Top stories of February

Top 5 Stories of February

Our most-read stories of February include VW’s move to CO2 heat pumps, a petition from PFAS scientists and a new Zero Zone installation.

Despite being the shortest month of the year, February saw a flurry of developments in the natural refrigerants industry.

The European Union finally completed the process of revising its F-gas Regulation, mandating a complete phase-out of HFCs across the bloc by 2050. Volkswagen also revealed that it will move away from HFCs, with the automaker set to install CO2 (R744) heat pumps in all of its battery electric vehicles (BEVs) by 2030. U.S. OEM Zero Zone also made headlines for one of its latest transcritical CO2 refrigeration system installations.

These were three of the five most-read stories on in February. The full list is below.

Volkswagen R744 BEV
Credits: ATMOsphere

No. 1: Volkswagen Plans to Convert All Battery Electric Vehicles to R744 by 2030

German automaker Volkswagen revealed its plan to install CO2 heat pumps in all of its BEVs by 2030 in a public comment submitted to the European PFAS Restriction Proposal. In addition to BEVs, the automaker said it is targeting a complete PFAS ban for its hybrid and internal combustion engine models by 2034.

“By converting the refrigerant circuit from F-gas R1234yf to the natural refrigerant R744, PFAS in the refrigerant can be eliminated and thus the PFAS emissions of the vehicles can be significantly reduced,” Volkswagen said.

Read the full story.

Image by Ahmad Ardity from Pixabay

No. 2: Over 150 Scientists Urge Adoption of PFAS Definition that Includes F-Gases and TFA

More than 150 scientists with expertise in per- and polyfluoroalkyl substances (PFAS) have signed a statement urging government bodies to adopt a science-based definition of PFAS that defines the chemicals as being made up of “at least one fully fluorinated carbon atom” and includes fluorinated (f)-gases and trifluoroacetic acid (TFA), an atmospheric byproduct of certain f-gases. The scientists are targeting government agencies and states, such as the U.S. Environmental Protection Agency (EPA) and Delaware and West Virginia, that have a narrower definition of PFAS.

“The carbon-fluorine bond is the strongest single bond in organic chemistry, giving all PFAS the shared trait of persistence, leading to their accumulation in our bodies and ecosystems,” the statement said.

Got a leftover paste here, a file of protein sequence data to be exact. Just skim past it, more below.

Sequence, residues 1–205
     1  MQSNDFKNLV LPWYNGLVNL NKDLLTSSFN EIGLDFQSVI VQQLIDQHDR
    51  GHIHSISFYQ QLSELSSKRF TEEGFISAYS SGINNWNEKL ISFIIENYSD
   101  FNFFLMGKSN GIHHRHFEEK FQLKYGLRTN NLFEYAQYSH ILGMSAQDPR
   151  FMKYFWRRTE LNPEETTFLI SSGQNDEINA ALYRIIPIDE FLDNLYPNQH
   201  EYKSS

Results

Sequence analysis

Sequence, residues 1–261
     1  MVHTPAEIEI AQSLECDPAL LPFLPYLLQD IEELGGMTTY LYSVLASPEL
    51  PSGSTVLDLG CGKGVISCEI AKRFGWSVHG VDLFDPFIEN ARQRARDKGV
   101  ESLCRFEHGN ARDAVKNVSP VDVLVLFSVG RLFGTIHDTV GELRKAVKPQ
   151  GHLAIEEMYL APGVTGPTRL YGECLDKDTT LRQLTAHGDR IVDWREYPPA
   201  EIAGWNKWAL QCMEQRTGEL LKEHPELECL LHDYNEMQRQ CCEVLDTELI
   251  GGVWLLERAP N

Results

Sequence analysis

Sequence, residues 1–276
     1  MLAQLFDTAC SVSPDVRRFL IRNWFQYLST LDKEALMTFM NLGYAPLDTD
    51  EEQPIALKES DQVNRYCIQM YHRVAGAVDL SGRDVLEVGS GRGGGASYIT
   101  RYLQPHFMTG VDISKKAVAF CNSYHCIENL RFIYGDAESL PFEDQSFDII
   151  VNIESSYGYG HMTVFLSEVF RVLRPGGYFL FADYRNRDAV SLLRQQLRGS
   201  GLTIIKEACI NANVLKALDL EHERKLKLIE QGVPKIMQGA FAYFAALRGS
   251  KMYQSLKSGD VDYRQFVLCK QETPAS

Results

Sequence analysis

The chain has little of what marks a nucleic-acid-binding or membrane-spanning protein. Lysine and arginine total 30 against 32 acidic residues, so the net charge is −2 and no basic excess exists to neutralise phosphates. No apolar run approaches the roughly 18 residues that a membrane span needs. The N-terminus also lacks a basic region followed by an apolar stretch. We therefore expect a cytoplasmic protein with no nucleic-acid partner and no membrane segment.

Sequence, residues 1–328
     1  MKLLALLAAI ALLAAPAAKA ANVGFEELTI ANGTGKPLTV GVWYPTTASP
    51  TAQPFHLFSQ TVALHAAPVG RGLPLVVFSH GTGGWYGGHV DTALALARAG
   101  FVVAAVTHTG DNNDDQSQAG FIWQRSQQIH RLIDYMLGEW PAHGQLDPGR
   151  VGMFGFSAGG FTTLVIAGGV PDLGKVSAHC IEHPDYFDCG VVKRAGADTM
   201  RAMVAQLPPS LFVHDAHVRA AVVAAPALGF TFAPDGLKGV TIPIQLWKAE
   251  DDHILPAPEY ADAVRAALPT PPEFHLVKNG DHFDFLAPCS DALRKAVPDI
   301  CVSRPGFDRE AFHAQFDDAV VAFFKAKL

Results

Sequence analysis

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Zero Zone’s transcritical CO2 system installed outside the supermarket in California. (Source: Zero Zone)
Zero Zone’s transcritical CO2 system installed outside the supermarket in California. (Source: Zero Zone)

No. 3: Zero Zone Installs Transcritical CO2 Refrigeration System for ‘World’s Largest Retailer’

U.S. OEM Zero Zone has installed its Genesys CO2 transcritical refrigeration system at a supermarket in Palmdale, California, operated by “the world’s largest retailer.” The store, which measures 100,000ft2 (9,290m2), has four large walk-in cold rooms and more than 20 remote refrigerated cabinets. The Zero Zone system provides around 140kW (39.8TR) of cooling capacity for the store’s low-temperature applications and 190kW (54TR) for its medium-temperature applications.

“The customer chose CO2 to meet sustainability goals that were driven by their internal GWP initiatives,” Chris McCarty, Zero Zone’s Director of Business Development, told

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The Revised EU F-gas Regulation Is Law
The European Union flag waving in the wind. Source: Eurodiaconia.

No. 4: Revised EU F-gas Regulation Is Law

The European Union’s revised F-gas Regulation became law when it was published in the Official Journal of the EU on February 20, with the regulation becoming legally enforceable as of March 11. The revised regulation sets a deadline of 2050 for a complete phase out of HFCs along with specific phase-out dates for the use of HFCs and HFOs in some cooling and heating equipment.

“We are happy that different asks from the progressive side of the industry are included in this final piece of legislation,” said Marc Chasserot, CEO and Founder of ATMOsphere, the publisher of “Let’s now work to make this revision a success and ensure natural refrigerants can take over the market.”

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U.S. Secretary of Energy Jennifer M. Granholm
U.S. Secretary of Energy Jennifer M. Granholm. Source: U.S. Department of Energy on Flickr.

No. 5: U.S. DOE Announces Additional $63 Million to Speed Up Heat Pump Production

The U.S. Department of Energy (DOE) announced $63 million (€58.1 million) in funding for manufacturers of residential heat pumps, heat pump water heaters and related systems and components in an effort to accelerate domestic production. The funding is designed to help U.S.-based manufacturers build new commercial-scale production facilities or expand/retrofit existing ones.

“As part of the Biden-Harris Administration’s commitment to address the climate crisis, [this funding] will further amp up domestic heat pump manufacturing to meet increasing consumer excitement, reduce emissions and create clean energy jobs across the country,” said U.S. Secretary of Energy Jennifer Granholm.

Read the full story.

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